The effects of tariffs on the Canadian cleaning industry

Tuesday, November 20, 2018
By Michael Wilson

Tariffs are taxes or import duties imposed on items imported from one country to another. Sometimes tariffs are nominal – around five per cent of the producing country’s sales price – and in other cases, the tariffs are much higher, in the range of 15 or even 25 per cent.

This happens when one country is trying to discourage another country from underselling domestic manufacturers – the goal may be to change another country’s behaviour. This appears to be what is happening right now between the U.S. and China. The big question for many in the professional cleaning industry is how much these tariffs might impact the cleaning industry in Canada.

While good can come from tariffs, they can also cause harm. This can happen for one or more of the following reasons:

  • The tariffs raise the costs of goods and services.
  • They expand to more and more products or product components.
  • They last too long.
  • They negatively impact related industries not the original target of the tariffs.

This last point is critical, as it is the most likely outcome for the Canadian professional cleaning industry. Currently, there are no specific tariffs on cleaning-related products by either the U.S. or Canada. However, there are tariffs on some of the components, ingredients, and finished products imported from the U.S., and distributed in Canada, and these should be of concern to Canadians working in the professional cleaning industry.

In a press release ISSA,  the worldwide cleaning industry association, opposed the recently proposed tariffs, that would affect, among other things, intermediate component parts or ingredients used by U.S.-based manufacturers in the production of finished goods such as mops, buckets, brushes, janitorial carts, and cleaning product formulations.

Tariffs at Work

Here is how tariffs can impact the Canadian cleaning industry. Let’s say a U.S. jansan manufacturer of carpet extractors has its equipment made in China. This is referred to as “contract manufacturing” or “contract branding.”

Consider a 25 per cent tariff is imposed on those extractors. If the machine had previously retailed for $5,000, tacking on the tariff charge will bring that amount up to $6,250. That is a significant price differential.

To handle the problem, the U.S. jansan manufacturer and the Canadian distributors have several options:

  1. The U.S. manufacturer and Canadian distributors could pass on the added costs directly to the end customer.
  2. The Chinese contract manufacturer could absorb the costs, reducing its profit margin.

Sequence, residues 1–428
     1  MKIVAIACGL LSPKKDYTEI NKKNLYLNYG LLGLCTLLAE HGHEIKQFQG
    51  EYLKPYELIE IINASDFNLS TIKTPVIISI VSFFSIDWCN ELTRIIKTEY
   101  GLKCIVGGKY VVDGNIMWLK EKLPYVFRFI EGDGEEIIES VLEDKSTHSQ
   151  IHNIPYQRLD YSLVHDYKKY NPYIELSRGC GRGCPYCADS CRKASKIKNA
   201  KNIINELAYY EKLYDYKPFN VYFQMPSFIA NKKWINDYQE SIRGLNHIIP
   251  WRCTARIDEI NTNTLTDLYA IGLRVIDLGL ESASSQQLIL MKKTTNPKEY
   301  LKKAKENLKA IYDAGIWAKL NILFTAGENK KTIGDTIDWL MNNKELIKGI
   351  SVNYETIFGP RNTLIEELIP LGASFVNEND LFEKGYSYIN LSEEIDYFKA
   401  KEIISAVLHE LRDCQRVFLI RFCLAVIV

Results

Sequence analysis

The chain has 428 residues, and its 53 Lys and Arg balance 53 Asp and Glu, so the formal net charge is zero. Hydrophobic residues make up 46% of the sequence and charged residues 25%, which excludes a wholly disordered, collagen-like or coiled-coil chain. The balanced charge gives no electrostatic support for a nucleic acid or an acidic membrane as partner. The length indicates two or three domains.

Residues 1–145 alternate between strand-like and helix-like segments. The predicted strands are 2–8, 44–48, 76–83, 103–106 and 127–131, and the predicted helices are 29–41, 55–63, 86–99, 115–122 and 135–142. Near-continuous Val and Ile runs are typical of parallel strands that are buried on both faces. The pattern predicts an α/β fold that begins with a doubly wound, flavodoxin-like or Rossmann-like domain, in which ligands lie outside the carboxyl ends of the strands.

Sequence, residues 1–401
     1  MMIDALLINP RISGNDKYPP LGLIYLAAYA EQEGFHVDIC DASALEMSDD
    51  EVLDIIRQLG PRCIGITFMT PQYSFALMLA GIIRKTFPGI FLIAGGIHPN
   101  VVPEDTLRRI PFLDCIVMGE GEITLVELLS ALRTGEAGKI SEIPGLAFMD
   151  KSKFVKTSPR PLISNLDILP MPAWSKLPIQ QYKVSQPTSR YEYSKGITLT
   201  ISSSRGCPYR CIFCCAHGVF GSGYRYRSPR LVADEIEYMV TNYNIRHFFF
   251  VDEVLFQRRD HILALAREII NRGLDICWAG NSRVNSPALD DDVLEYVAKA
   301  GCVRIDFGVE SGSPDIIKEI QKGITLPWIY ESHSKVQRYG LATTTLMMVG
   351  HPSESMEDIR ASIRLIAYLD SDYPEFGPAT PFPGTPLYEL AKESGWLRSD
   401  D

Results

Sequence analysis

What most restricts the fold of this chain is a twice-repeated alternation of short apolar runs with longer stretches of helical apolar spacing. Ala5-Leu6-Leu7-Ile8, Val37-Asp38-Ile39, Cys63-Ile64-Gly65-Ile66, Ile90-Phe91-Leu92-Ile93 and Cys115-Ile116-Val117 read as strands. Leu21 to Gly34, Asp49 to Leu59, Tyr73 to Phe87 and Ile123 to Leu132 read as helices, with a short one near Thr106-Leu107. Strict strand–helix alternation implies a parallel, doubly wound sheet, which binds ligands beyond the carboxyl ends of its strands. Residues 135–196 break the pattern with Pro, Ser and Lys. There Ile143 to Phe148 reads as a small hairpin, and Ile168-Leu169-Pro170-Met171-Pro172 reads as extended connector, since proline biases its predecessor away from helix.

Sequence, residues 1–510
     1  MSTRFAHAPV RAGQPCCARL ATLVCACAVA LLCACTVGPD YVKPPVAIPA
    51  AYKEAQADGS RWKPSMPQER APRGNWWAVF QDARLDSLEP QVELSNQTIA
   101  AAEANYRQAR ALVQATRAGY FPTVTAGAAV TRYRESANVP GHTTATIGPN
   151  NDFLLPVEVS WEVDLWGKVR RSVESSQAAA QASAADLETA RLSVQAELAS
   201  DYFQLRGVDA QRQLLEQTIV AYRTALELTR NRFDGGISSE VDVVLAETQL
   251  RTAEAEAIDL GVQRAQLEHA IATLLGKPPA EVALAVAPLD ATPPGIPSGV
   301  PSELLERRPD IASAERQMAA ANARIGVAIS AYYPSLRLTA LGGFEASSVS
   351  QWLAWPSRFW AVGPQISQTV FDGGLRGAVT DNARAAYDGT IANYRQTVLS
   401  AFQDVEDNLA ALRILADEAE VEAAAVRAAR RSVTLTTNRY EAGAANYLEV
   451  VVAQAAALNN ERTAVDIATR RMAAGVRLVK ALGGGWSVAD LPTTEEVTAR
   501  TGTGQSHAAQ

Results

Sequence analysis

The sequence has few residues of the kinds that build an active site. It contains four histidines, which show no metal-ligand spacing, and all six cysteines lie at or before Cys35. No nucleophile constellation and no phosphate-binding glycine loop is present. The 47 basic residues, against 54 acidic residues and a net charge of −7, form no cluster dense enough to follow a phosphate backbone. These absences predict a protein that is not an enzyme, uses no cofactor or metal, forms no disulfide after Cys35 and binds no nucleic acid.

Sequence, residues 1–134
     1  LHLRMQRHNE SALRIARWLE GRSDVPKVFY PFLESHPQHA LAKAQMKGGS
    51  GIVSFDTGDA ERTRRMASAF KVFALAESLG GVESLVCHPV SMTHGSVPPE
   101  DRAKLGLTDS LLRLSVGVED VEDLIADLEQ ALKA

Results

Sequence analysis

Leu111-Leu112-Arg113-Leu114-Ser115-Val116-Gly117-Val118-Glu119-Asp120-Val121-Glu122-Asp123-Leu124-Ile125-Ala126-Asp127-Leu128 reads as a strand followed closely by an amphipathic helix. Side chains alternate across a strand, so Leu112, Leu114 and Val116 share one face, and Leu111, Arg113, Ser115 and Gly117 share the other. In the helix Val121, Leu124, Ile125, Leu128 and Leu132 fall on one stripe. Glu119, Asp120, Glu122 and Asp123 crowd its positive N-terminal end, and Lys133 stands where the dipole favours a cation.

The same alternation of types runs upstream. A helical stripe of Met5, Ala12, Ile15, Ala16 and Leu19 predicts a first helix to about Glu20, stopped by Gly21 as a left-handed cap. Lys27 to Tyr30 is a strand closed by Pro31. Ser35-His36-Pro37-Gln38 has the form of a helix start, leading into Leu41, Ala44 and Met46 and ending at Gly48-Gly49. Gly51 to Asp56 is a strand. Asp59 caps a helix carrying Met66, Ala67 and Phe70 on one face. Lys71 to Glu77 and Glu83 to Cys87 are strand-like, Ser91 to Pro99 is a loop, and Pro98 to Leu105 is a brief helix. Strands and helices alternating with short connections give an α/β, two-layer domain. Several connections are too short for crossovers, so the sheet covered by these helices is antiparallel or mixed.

3. The U.S. manufacturer could absorb the costs, reducing its profit margin.
  4. The Canadian distributor could absorb the costs, reducing its profit margin.
  5. A “share the pain” scenario could be created. The U.S. manufacturer and the Canadian distributor absorb some of the extra costs, while some costs are passed on to the end customer.
  6. The U.S. manufacturer could look for ways around the tariff. For instance, exporting the extractors to a third country instead of directly to the U.S. could circumvent the tariff. This approach works if there are no tariffs on extractors coming from the third-party nation.
  7. The U.S. manufacturer could look for a new contract manufacturer in a country in which there are no tariffs.
  8. The U.S. manufacturer could move manufacturing of the equipment to the U.S. or to Canada.

Because the costs of building and operating a new manufacturing plant can be considerable, companies may determine it makes more economic sense to pay the tariff. As a result, one of the other scenarios just discussed will likely play out.

Addressing Future Tariffs

When a tariff situation happens quickly, it catches manufacturers, distributors, and end customers off guard. They will likely have no choice but to follow one or more of the scenarios mentioned earlier. But, over the long term, what can Canadian distributors and end customers do?

Canadian distributors, unfortunately, may be in a very challenging situation. Smaller distributors often purchase equipment from larger distributors. If the larger distributor passes on additional costs to the smaller distributor, the smaller distributors may not be able to absorb the costs. So, they pass them on to the end customer. By doing so, however, they may be “priced out” of the market. The end customer will look elsewhere for brands that are less costly or not impacted directly or indirectly by tariffs.

This situation can also cascade throughout the Canadian jansan distribution industry, impacting both large and small distributors.

One source of relief is for small, medium, and even large distributors to join membership groups or become part of a distribution, sales, and marketing organization. Representing many members, such organizations often can negotiate from a position of strength far more effectively than individual distributors. Luckily for distributors, membership organizations do exist and they can help alleviate the stress of these tariffs, which can benefit the entire cleaning industry.

Michael Wilson is vice president of marketing for AFFLINK, a global leader in supply chain optimization. He can be reached through his company website at

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